All my pets are adopted and a greater percent are also special needs. Over the years 6 of 9 of my rescues have come from MSPCA (MA ASPCA). Some of them I adopted because they were received as a gift and then the recipient "lost interest" very quickly so they were put up for adoption. In one instance - they were looking to re-gift this animal on Freecycle, no less, for Xmas. And I have to say... unfortunately... this instance is not an exception.

This "study" needs to be looked at more closely. I would like to know more about the exact study; criteria evaluated; parameters and results, as well as how the conclusions were arrived at.

From what I was able to evaluate this is arrived at based solely on "animals given as gifts" (A VERY broad parameter). I am not seeing information on other specifics such as: Impulse/last minute purchase? Purchased the day before? Proper evaluation on ability to support AND house the pet? ETC... ETC...

I applaud those shop owners willing to forgo "profits" late in the holiday season... in an effort to protect the well-being of their charges. Unfortunately, due to this announcement, those willing to take that stand will endure more than their fair share of "criticism".

I must state AGAIN... I will ALWAYS stand on the side of those… willing to stand to protect the weaker; those without a voice; and those who rely on us to protect them, be they animal or human. Should those actions inconvenience those seeking immediate gratification... so be it.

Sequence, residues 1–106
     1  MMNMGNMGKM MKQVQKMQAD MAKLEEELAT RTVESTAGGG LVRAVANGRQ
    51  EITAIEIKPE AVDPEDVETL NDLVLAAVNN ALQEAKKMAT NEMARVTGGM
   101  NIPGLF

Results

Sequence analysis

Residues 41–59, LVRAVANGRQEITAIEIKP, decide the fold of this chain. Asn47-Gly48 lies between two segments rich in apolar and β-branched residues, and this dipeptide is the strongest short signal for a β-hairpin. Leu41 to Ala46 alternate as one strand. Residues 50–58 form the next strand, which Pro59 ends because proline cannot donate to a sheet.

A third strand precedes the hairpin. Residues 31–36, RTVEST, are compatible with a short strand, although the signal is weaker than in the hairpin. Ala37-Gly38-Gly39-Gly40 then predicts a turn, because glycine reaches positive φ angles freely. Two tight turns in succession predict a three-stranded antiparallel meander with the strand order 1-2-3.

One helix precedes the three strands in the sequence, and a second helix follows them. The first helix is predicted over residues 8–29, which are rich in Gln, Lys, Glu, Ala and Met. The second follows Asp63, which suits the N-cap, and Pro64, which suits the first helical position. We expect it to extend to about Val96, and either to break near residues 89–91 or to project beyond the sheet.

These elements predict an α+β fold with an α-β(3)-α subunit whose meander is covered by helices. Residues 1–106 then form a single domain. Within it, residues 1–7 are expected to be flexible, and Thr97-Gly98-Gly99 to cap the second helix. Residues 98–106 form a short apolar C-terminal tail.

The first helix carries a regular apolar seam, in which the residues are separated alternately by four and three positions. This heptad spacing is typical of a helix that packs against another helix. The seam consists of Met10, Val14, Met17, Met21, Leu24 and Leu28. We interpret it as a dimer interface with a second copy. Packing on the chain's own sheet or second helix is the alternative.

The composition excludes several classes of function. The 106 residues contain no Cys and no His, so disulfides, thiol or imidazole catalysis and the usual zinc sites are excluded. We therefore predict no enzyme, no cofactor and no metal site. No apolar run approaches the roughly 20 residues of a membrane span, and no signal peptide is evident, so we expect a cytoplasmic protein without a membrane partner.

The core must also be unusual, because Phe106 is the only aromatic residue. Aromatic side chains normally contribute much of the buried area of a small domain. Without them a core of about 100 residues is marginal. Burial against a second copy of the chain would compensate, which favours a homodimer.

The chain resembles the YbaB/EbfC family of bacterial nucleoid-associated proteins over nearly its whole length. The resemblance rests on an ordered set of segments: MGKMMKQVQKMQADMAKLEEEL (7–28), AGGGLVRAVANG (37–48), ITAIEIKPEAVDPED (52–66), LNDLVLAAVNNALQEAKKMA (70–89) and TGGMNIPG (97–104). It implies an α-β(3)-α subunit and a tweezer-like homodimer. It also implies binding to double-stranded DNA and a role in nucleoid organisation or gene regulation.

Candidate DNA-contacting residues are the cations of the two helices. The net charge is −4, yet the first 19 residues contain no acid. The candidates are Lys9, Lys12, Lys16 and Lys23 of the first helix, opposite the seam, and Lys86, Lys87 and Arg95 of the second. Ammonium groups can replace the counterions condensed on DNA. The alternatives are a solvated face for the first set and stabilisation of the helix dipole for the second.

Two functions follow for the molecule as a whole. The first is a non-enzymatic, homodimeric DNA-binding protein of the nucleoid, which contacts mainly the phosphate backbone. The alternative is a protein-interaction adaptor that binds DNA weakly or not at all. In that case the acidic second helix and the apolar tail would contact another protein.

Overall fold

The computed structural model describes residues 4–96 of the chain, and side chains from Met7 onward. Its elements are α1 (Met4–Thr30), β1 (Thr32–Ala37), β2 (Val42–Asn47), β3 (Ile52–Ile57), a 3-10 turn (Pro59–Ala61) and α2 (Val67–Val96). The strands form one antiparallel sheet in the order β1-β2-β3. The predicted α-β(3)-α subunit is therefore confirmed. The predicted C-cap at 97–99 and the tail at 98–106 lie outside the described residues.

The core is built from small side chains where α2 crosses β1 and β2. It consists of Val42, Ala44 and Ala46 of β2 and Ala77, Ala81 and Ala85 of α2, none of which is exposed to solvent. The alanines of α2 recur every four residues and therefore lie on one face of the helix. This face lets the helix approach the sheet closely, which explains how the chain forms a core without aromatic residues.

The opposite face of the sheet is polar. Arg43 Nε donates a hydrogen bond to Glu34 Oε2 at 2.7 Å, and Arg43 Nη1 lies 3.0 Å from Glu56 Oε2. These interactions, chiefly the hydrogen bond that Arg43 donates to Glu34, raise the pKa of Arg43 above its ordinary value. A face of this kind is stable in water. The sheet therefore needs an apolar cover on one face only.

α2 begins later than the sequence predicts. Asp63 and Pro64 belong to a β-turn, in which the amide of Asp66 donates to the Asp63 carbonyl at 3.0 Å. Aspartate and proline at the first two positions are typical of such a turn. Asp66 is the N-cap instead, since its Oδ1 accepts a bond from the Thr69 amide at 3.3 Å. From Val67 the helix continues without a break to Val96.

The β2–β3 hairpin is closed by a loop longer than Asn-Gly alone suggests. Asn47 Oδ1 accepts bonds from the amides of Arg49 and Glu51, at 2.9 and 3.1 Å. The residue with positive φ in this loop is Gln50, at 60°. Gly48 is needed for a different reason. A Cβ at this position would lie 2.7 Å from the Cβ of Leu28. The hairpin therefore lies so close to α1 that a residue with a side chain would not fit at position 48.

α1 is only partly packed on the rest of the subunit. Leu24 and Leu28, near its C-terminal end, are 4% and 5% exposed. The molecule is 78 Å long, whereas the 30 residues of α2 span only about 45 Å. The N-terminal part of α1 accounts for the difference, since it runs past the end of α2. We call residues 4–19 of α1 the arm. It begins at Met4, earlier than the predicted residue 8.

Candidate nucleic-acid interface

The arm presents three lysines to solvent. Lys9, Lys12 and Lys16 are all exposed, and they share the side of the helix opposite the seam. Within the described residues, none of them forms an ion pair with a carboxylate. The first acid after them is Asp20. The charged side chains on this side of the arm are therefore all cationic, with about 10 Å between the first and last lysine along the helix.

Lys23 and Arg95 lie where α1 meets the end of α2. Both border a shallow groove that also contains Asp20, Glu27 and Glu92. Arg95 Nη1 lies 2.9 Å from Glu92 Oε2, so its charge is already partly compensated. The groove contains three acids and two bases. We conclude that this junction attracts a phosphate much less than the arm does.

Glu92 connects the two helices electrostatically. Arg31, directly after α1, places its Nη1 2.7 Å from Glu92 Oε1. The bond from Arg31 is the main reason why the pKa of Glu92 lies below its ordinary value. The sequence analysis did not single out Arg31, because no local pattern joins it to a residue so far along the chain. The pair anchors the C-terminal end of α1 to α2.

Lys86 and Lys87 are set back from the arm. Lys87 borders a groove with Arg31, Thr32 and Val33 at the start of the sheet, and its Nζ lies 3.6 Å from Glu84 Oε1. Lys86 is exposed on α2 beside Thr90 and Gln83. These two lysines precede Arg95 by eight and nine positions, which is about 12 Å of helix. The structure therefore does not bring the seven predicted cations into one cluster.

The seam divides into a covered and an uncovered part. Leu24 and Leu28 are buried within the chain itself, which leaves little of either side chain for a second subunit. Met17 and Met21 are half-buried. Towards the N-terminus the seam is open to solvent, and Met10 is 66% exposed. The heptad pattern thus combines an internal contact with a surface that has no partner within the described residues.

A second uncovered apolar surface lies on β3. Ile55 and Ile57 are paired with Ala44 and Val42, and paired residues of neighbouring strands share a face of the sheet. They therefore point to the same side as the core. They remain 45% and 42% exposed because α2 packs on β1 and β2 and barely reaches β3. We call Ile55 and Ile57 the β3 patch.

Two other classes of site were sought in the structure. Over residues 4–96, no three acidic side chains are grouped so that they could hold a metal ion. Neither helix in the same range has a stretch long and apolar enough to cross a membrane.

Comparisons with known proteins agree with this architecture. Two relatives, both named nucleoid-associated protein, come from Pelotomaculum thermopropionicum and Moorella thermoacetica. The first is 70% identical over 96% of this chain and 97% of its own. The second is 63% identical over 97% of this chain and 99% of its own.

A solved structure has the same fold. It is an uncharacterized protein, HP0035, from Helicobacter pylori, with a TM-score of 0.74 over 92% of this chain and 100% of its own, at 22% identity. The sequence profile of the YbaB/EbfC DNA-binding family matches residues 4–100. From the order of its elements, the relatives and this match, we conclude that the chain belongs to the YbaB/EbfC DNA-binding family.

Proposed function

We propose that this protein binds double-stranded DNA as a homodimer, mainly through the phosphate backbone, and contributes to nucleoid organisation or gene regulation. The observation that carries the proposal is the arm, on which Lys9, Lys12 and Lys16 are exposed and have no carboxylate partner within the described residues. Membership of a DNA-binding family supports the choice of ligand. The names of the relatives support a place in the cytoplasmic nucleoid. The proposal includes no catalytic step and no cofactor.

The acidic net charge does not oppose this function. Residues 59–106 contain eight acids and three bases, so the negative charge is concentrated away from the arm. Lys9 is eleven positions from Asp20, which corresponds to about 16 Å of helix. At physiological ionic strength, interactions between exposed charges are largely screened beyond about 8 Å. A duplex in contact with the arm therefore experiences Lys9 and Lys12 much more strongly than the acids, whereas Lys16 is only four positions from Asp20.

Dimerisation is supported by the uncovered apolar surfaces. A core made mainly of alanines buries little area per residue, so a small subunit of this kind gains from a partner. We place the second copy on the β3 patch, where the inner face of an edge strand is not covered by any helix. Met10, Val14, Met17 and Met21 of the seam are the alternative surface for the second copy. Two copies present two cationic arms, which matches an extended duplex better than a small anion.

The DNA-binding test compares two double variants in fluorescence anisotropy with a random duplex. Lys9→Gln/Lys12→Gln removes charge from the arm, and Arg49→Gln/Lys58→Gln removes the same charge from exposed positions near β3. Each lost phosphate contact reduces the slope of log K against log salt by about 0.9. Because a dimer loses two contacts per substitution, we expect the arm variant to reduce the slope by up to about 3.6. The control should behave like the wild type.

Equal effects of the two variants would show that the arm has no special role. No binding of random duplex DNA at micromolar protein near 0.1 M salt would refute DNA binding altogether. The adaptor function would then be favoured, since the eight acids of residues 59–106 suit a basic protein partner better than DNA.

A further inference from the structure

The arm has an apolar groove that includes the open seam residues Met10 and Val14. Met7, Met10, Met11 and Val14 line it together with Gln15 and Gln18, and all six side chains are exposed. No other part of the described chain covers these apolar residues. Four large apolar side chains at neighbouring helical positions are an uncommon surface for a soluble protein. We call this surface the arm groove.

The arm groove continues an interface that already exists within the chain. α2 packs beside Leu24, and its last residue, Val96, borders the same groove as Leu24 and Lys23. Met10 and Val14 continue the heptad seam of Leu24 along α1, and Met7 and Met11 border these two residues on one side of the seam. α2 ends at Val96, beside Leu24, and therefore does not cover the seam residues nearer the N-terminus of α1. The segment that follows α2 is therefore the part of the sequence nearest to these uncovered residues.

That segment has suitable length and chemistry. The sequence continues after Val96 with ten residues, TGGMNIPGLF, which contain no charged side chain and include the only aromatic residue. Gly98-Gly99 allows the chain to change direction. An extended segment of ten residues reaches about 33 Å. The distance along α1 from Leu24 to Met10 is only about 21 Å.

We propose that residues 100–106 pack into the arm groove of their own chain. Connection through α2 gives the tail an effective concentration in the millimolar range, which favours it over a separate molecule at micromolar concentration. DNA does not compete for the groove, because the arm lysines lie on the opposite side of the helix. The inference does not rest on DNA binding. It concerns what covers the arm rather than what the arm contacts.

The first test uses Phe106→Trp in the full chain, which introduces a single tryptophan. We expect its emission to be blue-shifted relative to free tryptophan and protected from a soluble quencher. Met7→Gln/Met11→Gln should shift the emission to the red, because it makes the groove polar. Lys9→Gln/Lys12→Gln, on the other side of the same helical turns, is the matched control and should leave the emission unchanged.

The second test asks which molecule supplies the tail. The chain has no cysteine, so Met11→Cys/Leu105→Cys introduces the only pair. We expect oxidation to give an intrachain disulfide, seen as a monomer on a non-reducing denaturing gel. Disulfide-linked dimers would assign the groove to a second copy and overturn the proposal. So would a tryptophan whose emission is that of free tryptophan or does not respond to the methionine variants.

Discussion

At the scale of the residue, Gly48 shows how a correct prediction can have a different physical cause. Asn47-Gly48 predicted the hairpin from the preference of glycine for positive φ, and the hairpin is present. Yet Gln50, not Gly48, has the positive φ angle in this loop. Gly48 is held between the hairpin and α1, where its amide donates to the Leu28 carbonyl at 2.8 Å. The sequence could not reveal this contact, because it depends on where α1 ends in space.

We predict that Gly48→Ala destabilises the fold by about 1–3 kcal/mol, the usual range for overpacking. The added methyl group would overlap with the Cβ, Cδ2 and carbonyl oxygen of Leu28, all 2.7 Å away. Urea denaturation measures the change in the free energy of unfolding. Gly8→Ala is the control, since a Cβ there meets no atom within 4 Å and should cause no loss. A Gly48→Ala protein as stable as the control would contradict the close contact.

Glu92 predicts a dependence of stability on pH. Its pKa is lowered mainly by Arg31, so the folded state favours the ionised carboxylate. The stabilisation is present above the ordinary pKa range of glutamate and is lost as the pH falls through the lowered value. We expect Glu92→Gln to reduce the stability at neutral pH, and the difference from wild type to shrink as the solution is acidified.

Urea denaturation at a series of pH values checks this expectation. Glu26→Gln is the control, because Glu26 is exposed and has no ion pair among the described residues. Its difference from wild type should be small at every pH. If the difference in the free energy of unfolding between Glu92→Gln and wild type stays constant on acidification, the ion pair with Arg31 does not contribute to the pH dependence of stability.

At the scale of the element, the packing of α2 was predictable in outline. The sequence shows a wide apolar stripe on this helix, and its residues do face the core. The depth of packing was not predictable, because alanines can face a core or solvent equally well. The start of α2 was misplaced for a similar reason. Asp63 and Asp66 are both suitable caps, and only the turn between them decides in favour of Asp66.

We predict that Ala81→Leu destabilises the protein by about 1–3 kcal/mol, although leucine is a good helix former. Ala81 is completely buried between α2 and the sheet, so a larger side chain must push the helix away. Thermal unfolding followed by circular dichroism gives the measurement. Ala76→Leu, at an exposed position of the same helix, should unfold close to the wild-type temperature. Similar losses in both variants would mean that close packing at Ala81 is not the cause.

I would think that the preferred message of the ASPCA would be modeling the behavior of acquiring a companion animal in a way that puts the needs of another before our own. Is that not a better message?

I personally only purchase from a pet store that has restrictions around purchasing and adopting too close to the holiday. I support them in their (and my) convictions around protecting the animals - first.

There are very good ways to educate around adoption – is this really the line (message) that needed to be drawn?


You obviously didn't read the studies. You can't "read into" it by skimming a summary not even from the original manuscript. You didn't see specifics because you didn't read any of them. And putting quotation marks around the word "study" to insinuate it was invalid shows bias on your part (and is laughable given you didn't even read them).
They gave links for you to research the studies that were carried out and you can easily go to search engines that bring up articles with original research from academic journals. They use actual math not just crap based on absolutely nothing, but your opinion. Everyone here giving anecdotal examples and going on what they think would be right are only doing animals harm. They clearly showed that your opinion is not a correct one. It's that simple.


Giving pets as a present is approrpriate in certain situations. Animal-loving parents giving their kid a puppy? Hell yes! My friend and his wife just brought both their daughters to the local shelter to each pick out a kitten. They, along with the vaccines and necessary equipment at home, were a Christmas gift. But the girls took responsibility for their pets because they were included in the decision, and the parents are willing to help provide care in the event the girls aren't responsible enough.